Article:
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Thread: Favorite poems you enjoy

  1. #1 Favorite poems you enjoy 
    Forum Radioactive Isotope cosmictraveler's Avatar
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    Daffodils No More
    Gorden J.L. Ramel

    "With due praise to W. Wordsworth"

    I wondered lonely as a crowd
    that flows down streets and avenues
    my spirit darkened by a cloud
    of troubles I could not refuse,
    for I had looked for daffodils
    and found but few in England's hills.

    For butterflies, for birds I sought,
    for all of nature's finest gems
    that I had long ago been taught
    bedecked the Pennines and the Thames,
    caressed our valleys, blessed our moors
    and danced by thousands on our shores.

    But what I found was barbed-wire fence
    protecting repetitious fields
    that offered up in self defense
    statistics on their better yields
    with ne'er a thought towards the cost;
    that fragile beauty we have lost.

    A poet could not help but sigh
    on seeing how the world is changed
    and ask himself, or God on high,
    why humankind is so deranged
    it can destroy, for such poor ends,
    the world on which its life depends.


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  3. #2  
    j
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    I do like that. Thank you.

    This is not my favorite, but I have a strange affection for it:

    Bright cap and streamers,
    He sings in the hollow:
    Come follow, come follow,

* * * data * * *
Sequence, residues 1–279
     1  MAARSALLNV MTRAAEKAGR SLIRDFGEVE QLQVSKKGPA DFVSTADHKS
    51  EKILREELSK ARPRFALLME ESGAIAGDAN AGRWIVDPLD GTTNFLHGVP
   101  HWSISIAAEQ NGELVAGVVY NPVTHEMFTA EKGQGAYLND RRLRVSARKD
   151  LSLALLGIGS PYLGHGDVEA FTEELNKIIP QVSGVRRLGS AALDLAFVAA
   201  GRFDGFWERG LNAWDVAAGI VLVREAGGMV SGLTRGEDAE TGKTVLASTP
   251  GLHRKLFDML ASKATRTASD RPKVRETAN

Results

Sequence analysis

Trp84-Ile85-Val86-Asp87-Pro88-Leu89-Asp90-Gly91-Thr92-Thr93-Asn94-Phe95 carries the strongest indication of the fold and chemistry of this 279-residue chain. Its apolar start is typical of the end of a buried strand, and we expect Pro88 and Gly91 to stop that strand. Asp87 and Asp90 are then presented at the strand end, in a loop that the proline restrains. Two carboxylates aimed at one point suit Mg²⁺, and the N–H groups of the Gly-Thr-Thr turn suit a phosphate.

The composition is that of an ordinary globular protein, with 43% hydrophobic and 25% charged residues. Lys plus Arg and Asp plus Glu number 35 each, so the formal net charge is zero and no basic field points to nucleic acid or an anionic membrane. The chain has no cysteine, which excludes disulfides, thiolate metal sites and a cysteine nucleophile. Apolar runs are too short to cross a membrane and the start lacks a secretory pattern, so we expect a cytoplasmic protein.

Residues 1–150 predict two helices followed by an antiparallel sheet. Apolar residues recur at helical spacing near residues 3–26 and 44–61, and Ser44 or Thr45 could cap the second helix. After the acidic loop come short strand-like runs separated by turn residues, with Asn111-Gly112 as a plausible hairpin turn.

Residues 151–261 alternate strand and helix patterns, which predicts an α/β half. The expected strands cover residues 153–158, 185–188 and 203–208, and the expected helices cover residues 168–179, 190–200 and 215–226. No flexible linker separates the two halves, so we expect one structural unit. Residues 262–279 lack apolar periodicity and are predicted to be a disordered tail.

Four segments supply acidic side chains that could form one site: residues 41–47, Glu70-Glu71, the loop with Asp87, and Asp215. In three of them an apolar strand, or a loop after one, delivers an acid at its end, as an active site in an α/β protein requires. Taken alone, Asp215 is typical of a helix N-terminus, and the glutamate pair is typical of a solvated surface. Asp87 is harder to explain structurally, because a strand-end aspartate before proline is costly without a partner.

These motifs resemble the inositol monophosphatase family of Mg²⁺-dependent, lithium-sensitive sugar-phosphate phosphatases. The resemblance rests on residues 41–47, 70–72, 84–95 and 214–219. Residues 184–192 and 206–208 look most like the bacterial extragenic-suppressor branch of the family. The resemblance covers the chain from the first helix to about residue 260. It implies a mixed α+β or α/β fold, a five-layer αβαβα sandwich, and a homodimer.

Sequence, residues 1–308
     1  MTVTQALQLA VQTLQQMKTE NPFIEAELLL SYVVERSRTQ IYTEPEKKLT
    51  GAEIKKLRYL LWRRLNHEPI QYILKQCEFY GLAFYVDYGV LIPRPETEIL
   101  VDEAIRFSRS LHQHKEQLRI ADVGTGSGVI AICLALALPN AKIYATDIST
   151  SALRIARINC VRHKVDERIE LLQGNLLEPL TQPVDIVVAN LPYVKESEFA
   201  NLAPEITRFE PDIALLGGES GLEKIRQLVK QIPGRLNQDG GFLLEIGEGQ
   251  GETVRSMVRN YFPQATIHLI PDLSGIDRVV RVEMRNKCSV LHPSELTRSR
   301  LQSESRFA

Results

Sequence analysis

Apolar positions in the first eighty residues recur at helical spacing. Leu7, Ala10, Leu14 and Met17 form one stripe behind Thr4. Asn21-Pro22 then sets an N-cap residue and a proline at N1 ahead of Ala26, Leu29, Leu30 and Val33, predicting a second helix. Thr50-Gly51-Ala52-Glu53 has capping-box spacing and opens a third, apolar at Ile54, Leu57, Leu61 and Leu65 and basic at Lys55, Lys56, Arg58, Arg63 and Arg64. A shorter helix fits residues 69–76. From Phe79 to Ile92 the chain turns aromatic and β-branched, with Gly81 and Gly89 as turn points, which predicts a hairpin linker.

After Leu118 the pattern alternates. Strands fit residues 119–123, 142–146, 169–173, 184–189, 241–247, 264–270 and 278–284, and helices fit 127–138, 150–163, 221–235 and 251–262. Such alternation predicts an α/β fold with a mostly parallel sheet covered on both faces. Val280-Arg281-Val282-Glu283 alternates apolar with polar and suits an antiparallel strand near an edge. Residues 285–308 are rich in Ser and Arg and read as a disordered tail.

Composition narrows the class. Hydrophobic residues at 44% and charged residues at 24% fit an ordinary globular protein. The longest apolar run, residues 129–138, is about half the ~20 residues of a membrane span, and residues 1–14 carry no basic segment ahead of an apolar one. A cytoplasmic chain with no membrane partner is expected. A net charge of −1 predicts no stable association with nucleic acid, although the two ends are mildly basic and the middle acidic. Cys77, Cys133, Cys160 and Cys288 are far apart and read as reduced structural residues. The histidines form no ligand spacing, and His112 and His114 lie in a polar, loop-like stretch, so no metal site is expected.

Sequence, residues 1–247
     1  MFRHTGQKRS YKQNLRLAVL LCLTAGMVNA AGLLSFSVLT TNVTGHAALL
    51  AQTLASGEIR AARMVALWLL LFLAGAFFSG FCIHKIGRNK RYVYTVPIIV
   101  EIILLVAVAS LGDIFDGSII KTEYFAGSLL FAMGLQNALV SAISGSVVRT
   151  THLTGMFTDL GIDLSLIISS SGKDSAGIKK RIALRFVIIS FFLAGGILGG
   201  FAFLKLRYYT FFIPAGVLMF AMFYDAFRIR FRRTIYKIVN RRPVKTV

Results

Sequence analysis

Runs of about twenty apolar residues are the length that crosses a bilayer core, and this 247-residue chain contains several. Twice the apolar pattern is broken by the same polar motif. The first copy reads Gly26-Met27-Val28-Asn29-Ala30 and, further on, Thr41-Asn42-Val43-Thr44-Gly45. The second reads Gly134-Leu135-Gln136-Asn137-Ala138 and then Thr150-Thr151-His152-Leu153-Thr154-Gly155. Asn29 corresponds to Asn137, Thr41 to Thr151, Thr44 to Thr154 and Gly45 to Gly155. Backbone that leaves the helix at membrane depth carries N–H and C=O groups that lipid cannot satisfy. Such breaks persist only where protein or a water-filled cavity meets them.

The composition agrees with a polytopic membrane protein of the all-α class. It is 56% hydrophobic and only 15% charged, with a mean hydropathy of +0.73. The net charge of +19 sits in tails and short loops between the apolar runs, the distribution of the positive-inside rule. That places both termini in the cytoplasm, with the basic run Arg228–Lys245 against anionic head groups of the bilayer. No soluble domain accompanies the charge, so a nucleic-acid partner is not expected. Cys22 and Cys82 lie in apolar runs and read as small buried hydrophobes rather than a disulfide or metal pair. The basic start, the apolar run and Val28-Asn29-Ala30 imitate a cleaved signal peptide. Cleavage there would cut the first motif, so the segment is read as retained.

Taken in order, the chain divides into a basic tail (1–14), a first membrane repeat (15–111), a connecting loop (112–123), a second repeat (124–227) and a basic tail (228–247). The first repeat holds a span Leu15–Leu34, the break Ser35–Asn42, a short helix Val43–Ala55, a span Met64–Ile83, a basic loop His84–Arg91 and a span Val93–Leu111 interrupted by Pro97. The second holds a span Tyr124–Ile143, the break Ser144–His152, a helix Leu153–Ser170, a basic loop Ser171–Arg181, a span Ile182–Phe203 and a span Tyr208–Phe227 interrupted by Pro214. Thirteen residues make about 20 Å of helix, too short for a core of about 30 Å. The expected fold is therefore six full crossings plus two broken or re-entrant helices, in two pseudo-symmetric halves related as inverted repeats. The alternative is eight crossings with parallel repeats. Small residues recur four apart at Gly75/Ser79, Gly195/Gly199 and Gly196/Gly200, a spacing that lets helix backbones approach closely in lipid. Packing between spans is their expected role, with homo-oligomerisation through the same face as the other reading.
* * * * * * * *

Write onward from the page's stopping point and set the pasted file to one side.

All you that love.
    Leave dreams to the dreamers
    That will not after,
    That song and laughter
    Do nothing move.

    With ribbons streaming
    He sings the bolder;
    In troop at his shoulder
    The wild bees hum.
    And the time of dreaming
    Dreams is over -- -
    As lover to lover,
    Sweetheart, I come.


    Why do they want us to believe Conspiracy Theories?
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  4. #3  
    Forum Sophomore NimaRahnemoon's Avatar
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    Wow those two are awesome.

    Here is my favorite English poem.

    "The Four Ages of Man by Anne Bradstreet"

    Lo now! four other acts upon the stage,
    Childhood, and Youth, the Manly, and Old-age.
    The first: son unto Phlegm, grand-child to water,
    Unstable, supple, moist, and cold’s his Nature.
    The second: frolic claims his pedigree;
    From blood and air, for hot and moist is he.
    The third of fire and choler is compos’d,
    Vindicative, and quarrelsome dispos’d.
    The last, of earth and heavy melancholy,
    Solid, hating all lightness, and all folly.
    Childhood was cloth’d in white, and given to show,
    His spring was intermixed with some snow.
    Upon his head a Garland Nature set:
    Of Daisy, Primrose, and the Violet.
    Such cold mean flowers (as these) blossom betime,
    Before the Sun hath throughly warm’d the clime.
    His hobby striding, did not ride, but run,
    And in his hand an hour-glass new begun,
    In dangers every moment of a fall,
    And when ’tis broke, then ends his life and all.
    But if he held till it have run its last,
    Then may he live till threescore years or past.
    Next, youth came up in gorgeous attire
    (As that fond age, doth most of all desire),
    His Suit of Crimson, and his Scarf of Green.
    In’s countenance, his pride quickly was seen.
    Garland of Roses, Pinks, and Gillyflowers
    Seemed to grow on’s head (bedew’d with showers).
    His face as fresh, as is Aurora fair,
    When blushing first, she ‘gins to red the Air.
    No wooden horse, but one of metal try’d:
    He seems to fly, or swim, and not to ride.
    Then prancing on the Stage, about he wheels;
    But as he went, death waited at his heels.
    The next came up, in a more graver sort,
    As one that cared for a good report.
    His Sword by’s side, and choler in his eyes,
    But neither us’d (as yet) for he was wise,